Ginger Mauney is an award-winning wildlife filmmaker who has lived and worked in the wilds of Namibia for 15 years. Her films have aired on National Geographic Explorer, PBS, Channel 4 in the UK, and in more than 50 countries worldwide. Mauney co-authored a dual memoir, The Best of Friends: Two Women, Two Continents, and One Enduring Friendship, with award-winning Dateline NBC correspondent Sara James. The Best of Friends explores their learning curve on life as seen through the lens of the 30-year friendship that sustained them and empowered these small town Southern (Richmond, VA) girls to pursue unconventional passions.
Becoming immersed in the wild and in the lives of her subjects, Mauney’s work as a wildlife filmmaker is also her way of life. She has spent years living with baboons, elephants, rhinos and lions in Namibia, studying animal behavior and, with the gift of time, patience and a storyteller’s eye, allowing these animals’ wild and wonderful stories to play out in front of her camera.
In 1989, Mauney moved to a remote desert canyon in Namibia where for the next four years she lived with a troop of desert dwelling baboons, gaining their trust and ultimately making a film, Baboons – Against the Odds. This one-hour film explores the baboons’ extraordinary adaptations to living without water, their social collapse, and ultimately documents their final fall to the elements. Nominated for Best Newcomer at the 1996 Wildscreen Film Festival, the so-called “Green Oscars” of wildlife filmmaking, the film premiered on PBS in the US and has aired in more than 50 countries world-wide.
Mauney’s next project, Legends of the Bushmen, combined wildlife filmmaking with the unique stories of Namibia’s indigenous people, the Bushmen. As the film’s producer, wildlife cinematographer and on-camera narrator, Mauney used a blend of natural history film-making and traditional story telling to explore the unique connection the Bushmen maintain to wild animals as told through their legends.
The elephants of Namibia’s Etosha National Park were the focus of Mauney’s subsequent project, a film for National Geographic’s Natural History Unit, Giants of Etosha. This one-hour special was the culmination of a two-year exploration into the life of a breeding herd of elephants, featuring cutting edge science and unique animal behavior.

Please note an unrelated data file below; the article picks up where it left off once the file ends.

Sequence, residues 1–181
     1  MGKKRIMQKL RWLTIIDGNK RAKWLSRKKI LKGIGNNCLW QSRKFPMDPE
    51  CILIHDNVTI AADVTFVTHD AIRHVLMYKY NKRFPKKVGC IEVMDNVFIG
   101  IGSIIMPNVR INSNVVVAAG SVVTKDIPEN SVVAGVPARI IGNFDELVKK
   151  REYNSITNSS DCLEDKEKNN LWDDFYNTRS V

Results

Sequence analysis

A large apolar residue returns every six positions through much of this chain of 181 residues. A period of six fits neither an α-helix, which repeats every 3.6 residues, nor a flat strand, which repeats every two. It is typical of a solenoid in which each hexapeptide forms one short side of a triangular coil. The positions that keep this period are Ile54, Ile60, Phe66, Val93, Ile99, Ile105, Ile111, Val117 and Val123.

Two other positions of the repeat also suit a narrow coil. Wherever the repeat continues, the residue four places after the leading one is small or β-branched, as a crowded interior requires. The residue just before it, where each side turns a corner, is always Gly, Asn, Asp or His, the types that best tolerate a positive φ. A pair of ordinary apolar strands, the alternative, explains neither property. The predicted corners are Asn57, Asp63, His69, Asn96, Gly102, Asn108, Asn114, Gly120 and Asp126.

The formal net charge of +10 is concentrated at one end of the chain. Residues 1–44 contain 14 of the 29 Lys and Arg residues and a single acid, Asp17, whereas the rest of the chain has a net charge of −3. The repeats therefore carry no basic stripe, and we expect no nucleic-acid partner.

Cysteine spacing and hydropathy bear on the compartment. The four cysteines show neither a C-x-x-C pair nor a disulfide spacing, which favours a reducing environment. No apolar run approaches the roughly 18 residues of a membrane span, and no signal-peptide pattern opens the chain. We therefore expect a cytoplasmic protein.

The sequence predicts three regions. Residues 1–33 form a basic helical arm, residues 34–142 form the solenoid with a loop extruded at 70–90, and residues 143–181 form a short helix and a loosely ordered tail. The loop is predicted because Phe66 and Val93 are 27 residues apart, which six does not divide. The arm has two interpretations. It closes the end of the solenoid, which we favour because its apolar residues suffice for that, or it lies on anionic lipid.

In 2001, Mauney’s dear friend and co-author of The Best of Friends, James, was exposed to an anthrax-tainted letter sent to NBC news. The phone calls that followed between James and her formed the basis of Mauney’s next film, Living with Anthrax. This film examines how studies on anthrax in the wilds of Etosha may help us to better understand the disease and the idea of living with anthrax.
Mauney and her husband, Conrad Brain, a wildlife veterinarian and pilot, along with their young son, Kimber, were part of the cast for National Geographic Channel’s Mother’s Day special, Born Wild. This one-hour film highlighted Mauney’s personal story of raising wild babies and her son in the bush, providing the spine from which the film explores the survival tactics of all animals born wild.
In addition to these long-term projects, Mauney has filmed for the BBC, Paramount Productions and Partridge Films. She produced the film, The Chase, on game capture in Namibia and has worked as an on-camera correspondent for Fox Television’s series, World Gone Wild, and National Geographic Today.
As a writer and stills photographer, Mauney has had her work published in various magazines including National Geographic, Geo, Africa Environment and Wildlife, and Flamingo, Air Namibia’s in-flight magazine.
With her passion for wildlife and conservation unabated, Mauney coordinates the content and is a contributing author for the annual magazine, Conservation and the Environment in Namibia.
Mauney lives with her husband and their son in Namibia.